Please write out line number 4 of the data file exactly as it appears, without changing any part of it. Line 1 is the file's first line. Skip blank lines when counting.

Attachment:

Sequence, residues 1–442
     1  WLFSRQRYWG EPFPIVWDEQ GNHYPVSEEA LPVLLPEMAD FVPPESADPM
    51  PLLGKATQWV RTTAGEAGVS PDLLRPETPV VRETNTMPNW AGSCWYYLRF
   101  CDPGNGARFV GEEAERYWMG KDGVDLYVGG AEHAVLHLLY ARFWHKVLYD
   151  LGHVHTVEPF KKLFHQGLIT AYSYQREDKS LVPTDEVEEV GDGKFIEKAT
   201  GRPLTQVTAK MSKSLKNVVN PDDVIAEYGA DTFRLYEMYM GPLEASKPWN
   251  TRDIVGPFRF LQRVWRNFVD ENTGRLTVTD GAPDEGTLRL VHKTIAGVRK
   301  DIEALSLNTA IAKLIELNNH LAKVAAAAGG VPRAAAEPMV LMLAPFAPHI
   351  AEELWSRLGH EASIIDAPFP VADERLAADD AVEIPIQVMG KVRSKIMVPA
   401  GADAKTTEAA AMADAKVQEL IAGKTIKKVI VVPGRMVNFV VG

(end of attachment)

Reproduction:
   101  CDPGNGARFV GEEAERYWMG KDGVDLYVGG AEHAVLHLLY ARFWHKVLYD